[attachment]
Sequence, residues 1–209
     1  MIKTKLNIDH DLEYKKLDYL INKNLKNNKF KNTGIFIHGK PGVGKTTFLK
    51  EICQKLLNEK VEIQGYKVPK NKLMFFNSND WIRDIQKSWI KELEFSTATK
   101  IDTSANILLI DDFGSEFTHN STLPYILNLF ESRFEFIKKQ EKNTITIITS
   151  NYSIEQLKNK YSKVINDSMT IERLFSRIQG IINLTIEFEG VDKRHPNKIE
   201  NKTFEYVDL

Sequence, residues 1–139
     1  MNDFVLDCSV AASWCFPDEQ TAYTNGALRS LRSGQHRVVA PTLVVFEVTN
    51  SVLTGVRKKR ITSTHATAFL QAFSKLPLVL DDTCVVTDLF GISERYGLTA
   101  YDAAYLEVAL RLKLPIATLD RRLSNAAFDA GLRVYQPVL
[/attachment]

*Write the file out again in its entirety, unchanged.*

Sequence, residues 1–209
     1  MIKTKLNIDH DLEYKKLDYL INKNLKNNKF KNTGIFIHGK PGVGKTTFLK
    51  EICQKLLNEK VEIQGYKVPK NKLMFFNSND WIRDIQKSWI KELEFSTATK
   101  IDTSANILLI DDFGSEFTHN STLPYILNLF ESRFEFIKKQ EKNTITIITS
   151  NYSIEQLKNK YSKVINDSMT IERLFSRIQG IINLTIEFEG VDKRHPNKIE
   201  NKTFEYVDL

Sequence, residues 1–139
     1  MNDFVLDCSV AASWCFPDEQ TAYTNGALRS LRSGQHRVVA PTLVVFEVTN
    51  SVLTGVRKKR ITSTHATAFL QAFSKLPLVL DDTCVVTDLF GISERYGLTA
   101  YDAAYLEVAL RLKLPIATLD RRLSNAAFDA GLRVYQPVL